American Alpine Jounrna and Accidents in North American Climbing

Medical Therapy of High Altitude Illness

  • Feature Article
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  • Publication Year: 1993

Medical Therapy of High Altitude Illness

Colin Kerst Grissom, M.D.

WE WERE CLIMBING UNROPED on steep terrain near the top of the West Rib of Denali. We had made good progress initially after an early start from our camp at 16,000 feet, but the higher we climbed, the slower we moved. I took comfort in the fact that my four partners were leaning on their ice axes and panting every few steps because I was doing the same with increasing frequency. It had been a week since we had started up the initial couloir that gained the West Rib from the head of the northeast fork of the Kahiltna Glacier, and we were all feeling the effects of the altitude. As we neared the summit plateau at 19,000 feet, I noticed that one member of our expedition was starting to stagger. By the time we reached the easier terrain of the plateau, he was slurring his speech and complaining of a headache. It was clear that he could not go on, and by the time we stopped to help him into a sleeping bag, he was nauseous and had vomited. After resting a while and sipping on a hot drink, he was able to descend the West Buttress with us. Subsequently he recovered uneventfully after a night’s rest several thousand feet lower.

The above scenario occurred on my first trip to Denali in 1982. That was my first big mountain and I wasn’t yet a doctor. In the eleven years that have passed since then, I have seen many climbers with altitude illness on big mountains in various parts of the world and I have returned to Denali several times to work as a doctor at the 14,000-foot medical camp on the West Buttress. I often reflect on that experience on the summit plateau in 1982 and wonder what would have happened if we had not been able to descend. In retrospect, the ill member of our group had severe acute mountain sickness (AMS) that was progressing to high altitude cerebral edema (HACE). If we had not been able to descend because of bad weather or because he had become incapacitated, it would have been imperative to have other treatment options at our disposal.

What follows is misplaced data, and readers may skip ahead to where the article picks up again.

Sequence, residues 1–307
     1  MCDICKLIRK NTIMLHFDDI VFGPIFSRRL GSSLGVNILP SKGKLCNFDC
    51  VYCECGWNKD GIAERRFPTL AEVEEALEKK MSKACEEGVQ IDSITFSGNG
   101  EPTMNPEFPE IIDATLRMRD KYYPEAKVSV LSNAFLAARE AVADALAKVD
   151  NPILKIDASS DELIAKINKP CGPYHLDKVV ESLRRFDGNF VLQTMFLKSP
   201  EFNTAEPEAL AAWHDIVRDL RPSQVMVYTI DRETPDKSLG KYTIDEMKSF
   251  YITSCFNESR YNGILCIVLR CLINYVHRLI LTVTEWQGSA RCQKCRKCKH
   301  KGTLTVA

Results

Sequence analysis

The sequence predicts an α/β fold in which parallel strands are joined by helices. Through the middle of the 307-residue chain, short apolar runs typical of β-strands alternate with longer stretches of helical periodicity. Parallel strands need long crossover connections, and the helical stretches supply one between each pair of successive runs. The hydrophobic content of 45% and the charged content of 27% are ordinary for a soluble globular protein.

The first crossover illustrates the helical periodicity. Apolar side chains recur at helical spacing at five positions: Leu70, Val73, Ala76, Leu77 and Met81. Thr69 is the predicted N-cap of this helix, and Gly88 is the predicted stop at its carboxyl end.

Descent is still the standard treatment for severe altitude illness, but other pharmacological options are available as an aid to descent or for use as definitive treatment when weather and terrain conditions preclude descent. Climbers need to be aware of the options for treating the spectrum of altitude illness from mild to severe because medical care is not immediately available on a high mountain in a remote area. Having the ability to recognize altitude illness in yourself or your partner, and having the knowledge of the appropriate intervention, may save a life. This article will present for climbers the most recent knowledge regarding pharmacological treatment of acute mountain sickness (AMS) and the more severe high altitude pulmonary edema (HAPE) and high altitude cerebral edema (HACE).

Acute Mountain Sickness. Acute mountain sickness is the most common form of altitude illness and is seen a few hours to a few days after ascent to altitudes over 2500 meters (8200 feet). In the milder forms, the symptoms include headache, dizziness, decreased appetite, nausea, difficulty in sleeping and decreased energy. Swelling of the hands and swelling around the eyes caused by fluid retention are also observed in some individuals. The milder form of AMS usually resolves within a few days if ascent is halted.

More severe AMS primarily affects the brain, but it may also involve the lung. A person may have difficulty with balance and walk as if he or she were drunk: a condition called ataxia in medical terms. This is due to increased swelling in the brain, called cerebral edema. When the amount of swelling in the brain becomes severe, high altitude cerebral edema results. In severe AMS, a person may also experience shortness of breath after minimal exertion. This is caused by a lower blood oxygen level than normal, which may be due to increased fluid in the lung that is interfering with the diffusion of oxygen from the lung to the blood. It is not yet known whether this represents a mild form of HAPE, but some individuals with severe AMS and shortness of breath do develop HAPE.

AMS is most certainly a precursor to HACE and may be a precursor to HAPE. Because both increased brain fluid and increased lung fluid occur in AMS, it is not surprising that as AMS progresses to more severe high alitude illness, HAPE and HACE sometimes occur together.

The best prevention for AMS is gradual ascent. Climbing high and sleeping low and limiting the rate of ascent to 1000 feet (300 meters) per day at higher altitudes are both effective in allowing the body adequate time for acclimatization. Gradual ascent may not be practical, however, during an alpine-style ascent of a higher mountain. In this case, a prolonged acclimatization period before the alpine-style ascent is recommended.